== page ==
Tony Viramontes . Part 2

“I look for new ideas because I always want to be in a state of creative anxiety and insecurity. If I feel sure of myself I cannot be creative” Tony Viramontes.

 In an earlier post I wrote about how I met Tony Viramontes .

This is the second part of the story.

It was the early 80’s. Tony Viramontes was 27 years old when he arrived in Paris, and I was a few years younger than that .

I had not grown up in an urban environment, as opposed to Tony who was very inspired by the 80’s club scene and the larger-than-life characters that inhabited it. Many of the portraits he did at the time were of terrifying, insolent and aggressive girls and boys, covered in outlandish make-up and boldly dressed. He had a street sensibility, there was nothing reserved or prim about it, and he was fascinated by the counterculture and the creative creatures that inhabited those worlds and expressed themselves loudly and fearlessly. Tony made his the explosive mixture of styles that he picked up in the streets of New York and London: punk, New Wave, dandyism and sportswear. When he styled his models the look was tough and sexually charged.

Knowing that I was a country bumpkin, he liked to tease me and shock me by talking about his wild student days at FIT and then Parsons, or the dangerous and decadent nights at Studio 54.

He often spoke of Diana Vreeland as being one of his sources of inspiration, as well as his mentor Antonio Lopez and designer Hanae Mori, the Japanese visionary and fierce business woman. Hanae Mori supported him for those first years in Paris as she commissioned work for her international fashion network on a regular basis: boutiques, advertising campaigns and art direction, Tony did everything for Hanae.

That year we got a proposal from a close Mexican pal of mine that Tony could not  refuse. Ignacio  Garza had a massive apartment in the 7 th arrondissement on Avenue de Saxe which could also double up as a studio. He would exchange it for Tony’s smaller but charming and more affordable flat on the Place de la Contrescarpe, right behind the Pantheon.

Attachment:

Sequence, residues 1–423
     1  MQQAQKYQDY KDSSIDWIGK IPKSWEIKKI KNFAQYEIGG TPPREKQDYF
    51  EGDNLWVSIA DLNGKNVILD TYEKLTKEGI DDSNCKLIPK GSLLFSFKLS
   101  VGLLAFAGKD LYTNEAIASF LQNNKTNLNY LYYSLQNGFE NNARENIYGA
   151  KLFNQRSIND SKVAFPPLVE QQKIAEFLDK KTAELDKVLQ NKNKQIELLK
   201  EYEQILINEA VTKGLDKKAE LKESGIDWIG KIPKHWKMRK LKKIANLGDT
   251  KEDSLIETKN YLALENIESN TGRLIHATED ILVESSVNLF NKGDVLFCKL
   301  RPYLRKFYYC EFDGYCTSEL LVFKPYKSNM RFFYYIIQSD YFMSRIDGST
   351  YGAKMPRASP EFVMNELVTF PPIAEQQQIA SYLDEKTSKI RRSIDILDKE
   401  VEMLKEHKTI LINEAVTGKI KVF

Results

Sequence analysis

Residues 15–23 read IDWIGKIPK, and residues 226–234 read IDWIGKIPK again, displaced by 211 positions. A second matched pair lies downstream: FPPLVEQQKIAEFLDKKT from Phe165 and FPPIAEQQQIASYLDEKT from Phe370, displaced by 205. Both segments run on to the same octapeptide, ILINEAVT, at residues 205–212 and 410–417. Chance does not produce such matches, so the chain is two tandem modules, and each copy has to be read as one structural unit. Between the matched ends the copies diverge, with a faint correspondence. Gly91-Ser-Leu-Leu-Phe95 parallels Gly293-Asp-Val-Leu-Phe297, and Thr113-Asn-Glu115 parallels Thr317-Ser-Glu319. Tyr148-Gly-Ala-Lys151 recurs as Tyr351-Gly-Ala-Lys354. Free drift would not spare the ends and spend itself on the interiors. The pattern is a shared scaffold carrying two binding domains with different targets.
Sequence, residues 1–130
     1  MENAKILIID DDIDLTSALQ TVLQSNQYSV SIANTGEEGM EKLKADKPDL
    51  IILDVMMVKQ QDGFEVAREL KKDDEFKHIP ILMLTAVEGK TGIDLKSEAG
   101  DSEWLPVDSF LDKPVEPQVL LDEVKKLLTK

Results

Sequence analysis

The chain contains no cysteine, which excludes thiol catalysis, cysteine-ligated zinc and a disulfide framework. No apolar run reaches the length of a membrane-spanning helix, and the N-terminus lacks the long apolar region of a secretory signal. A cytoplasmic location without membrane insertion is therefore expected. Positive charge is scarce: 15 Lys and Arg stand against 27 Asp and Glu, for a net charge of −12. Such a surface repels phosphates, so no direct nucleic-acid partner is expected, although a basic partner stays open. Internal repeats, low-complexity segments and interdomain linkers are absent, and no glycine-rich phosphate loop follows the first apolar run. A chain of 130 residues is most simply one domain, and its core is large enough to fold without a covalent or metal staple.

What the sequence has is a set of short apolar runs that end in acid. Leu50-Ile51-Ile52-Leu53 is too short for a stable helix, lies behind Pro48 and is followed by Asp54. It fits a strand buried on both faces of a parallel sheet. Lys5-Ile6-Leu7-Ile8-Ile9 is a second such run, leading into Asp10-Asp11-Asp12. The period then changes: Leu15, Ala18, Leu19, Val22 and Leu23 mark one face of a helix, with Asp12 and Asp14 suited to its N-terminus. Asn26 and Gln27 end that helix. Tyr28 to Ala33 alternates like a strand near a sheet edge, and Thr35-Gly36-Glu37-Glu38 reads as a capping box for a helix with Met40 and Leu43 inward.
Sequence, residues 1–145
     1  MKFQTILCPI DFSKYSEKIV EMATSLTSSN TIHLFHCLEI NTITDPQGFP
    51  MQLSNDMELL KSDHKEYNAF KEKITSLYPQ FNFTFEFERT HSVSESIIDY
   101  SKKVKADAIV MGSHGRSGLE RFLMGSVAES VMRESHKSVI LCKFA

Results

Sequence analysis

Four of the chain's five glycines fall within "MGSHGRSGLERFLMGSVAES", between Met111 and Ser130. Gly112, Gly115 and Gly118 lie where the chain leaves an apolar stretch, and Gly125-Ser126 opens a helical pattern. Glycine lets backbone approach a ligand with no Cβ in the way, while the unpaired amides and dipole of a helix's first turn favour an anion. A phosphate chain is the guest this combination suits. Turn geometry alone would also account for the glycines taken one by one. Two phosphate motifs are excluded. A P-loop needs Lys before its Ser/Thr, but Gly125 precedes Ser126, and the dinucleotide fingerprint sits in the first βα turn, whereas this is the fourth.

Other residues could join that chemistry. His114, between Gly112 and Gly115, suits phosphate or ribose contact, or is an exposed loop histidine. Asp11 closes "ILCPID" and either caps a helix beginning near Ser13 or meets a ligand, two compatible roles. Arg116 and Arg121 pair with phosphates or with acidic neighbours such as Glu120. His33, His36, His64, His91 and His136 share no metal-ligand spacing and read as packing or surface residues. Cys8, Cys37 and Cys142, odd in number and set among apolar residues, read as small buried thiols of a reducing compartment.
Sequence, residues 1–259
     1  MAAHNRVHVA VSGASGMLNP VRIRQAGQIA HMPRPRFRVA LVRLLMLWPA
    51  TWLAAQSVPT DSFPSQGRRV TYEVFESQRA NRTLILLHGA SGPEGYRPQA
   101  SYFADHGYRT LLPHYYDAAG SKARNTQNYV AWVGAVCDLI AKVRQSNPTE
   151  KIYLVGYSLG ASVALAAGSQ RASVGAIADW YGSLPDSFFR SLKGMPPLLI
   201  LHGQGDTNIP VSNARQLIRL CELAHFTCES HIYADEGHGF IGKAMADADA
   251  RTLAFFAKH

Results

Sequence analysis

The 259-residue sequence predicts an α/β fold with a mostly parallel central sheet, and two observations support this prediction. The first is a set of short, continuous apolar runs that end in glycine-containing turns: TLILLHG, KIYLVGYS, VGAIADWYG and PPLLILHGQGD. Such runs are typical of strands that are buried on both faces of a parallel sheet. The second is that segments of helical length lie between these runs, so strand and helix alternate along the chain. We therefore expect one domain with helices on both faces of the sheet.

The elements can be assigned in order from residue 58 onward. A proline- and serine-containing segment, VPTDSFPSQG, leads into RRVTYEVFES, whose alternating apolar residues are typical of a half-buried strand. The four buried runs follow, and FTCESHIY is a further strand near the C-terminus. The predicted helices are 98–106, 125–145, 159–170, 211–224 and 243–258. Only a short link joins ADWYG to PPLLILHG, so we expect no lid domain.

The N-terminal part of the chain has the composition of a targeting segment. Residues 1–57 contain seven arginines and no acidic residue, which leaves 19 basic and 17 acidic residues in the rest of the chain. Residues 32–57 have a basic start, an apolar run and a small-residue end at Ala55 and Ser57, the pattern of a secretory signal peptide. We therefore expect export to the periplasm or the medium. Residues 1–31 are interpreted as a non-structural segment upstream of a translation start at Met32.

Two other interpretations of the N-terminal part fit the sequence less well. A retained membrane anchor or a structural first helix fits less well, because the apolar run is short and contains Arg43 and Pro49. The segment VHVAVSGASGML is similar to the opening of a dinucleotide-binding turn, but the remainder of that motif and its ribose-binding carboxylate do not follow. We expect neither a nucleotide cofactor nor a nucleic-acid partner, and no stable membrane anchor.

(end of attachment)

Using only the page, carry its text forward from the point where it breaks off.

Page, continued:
Now we had to turn the  page and consider ourselves finally ready to start showing his new portfolio and launch his career. So that sealed it. No turning back any more, it was a terrifying thought but we took the risk.

The flat had a big double living room where Tony set up a long work table on a trestle, his back against the wall. Behind him a moodboard that changed every other week with tears from books and magazines, Polaroids and bits and pieces of stuff that inspired him….a thank you note, a post card, an invitation, a weird shopping bag…it all went up on the wall, as well as his collection of black hair pieces, extensions, wigs and hats that he used on his male and female models. In the second living room, right in front of his table, he installed the apple box he used for the models to pose on.

On the table were many big jars full of paint brushes, eyebrow pencils, lipsticks, eye liners, pastels, Rotring pens, Chinese calligraphy brushes, charcoal and dozens of bottles of inks. He used the make-up on the paper and on the models alike. The table was tidied every morning by one of his helpers/models/lovers/squatters and by the end of the day there would be piles of scrunched up paper, torn Polaroids and black ink stains all over the floor. Tony always played opera music very loudly and would enact the exact poses that he wanted from his models: big open mouths, contorted limbs, the extreme poses that became his trademark. To watch him illustrate was electric: he would do dozens of sketches in order to seize that one pose, or the essence of the pose, going as fast as he could, throwing out page after page until he was satisfied. I remember once he was slashing at some paper with a cutter in order to mash it up as an illustrated collage (a technique he later developed when he started taking pictures) when he sliced off a piece of one of his fingers. He was so caught up in the moment that he did not even realize that he was spurting blood everywhere . Eventually I had to shout at him over the music to stop what he was doing and to let me wrap the finger in a towel. We ended up having to go to the emergency room of the hospital which was right down our street to have it properly taken care of and stitched.

But the moment Tony moved into that huge place the party also began. And that was not such a great thing in the end.

The flat had two bedrooms and two bathrooms, plus the work area. Every day I would arrive to find a new guest on the living room floor. Tony bought some mattresses that he stacked in the entrance hallway and they were then spread out at night to accommodate the latest arrivals. It was all pretty tumultuous and promiscuous. You never knew who was his lover or helper or muse or all three. On one occasion he opened the door to a very cute french Fedex delivery boy  and asked him for his number. I saw this boy many times after that , delivering during the day and posing at nights; he was also one of Tony’s lovers. Eventually a fantastic studio manager by the name of Paul Hendrix, who was also a top male model and one of Tony’s muses, took over the studio and for a few years there was a semblance of order in the chaos that had become Tony’s life.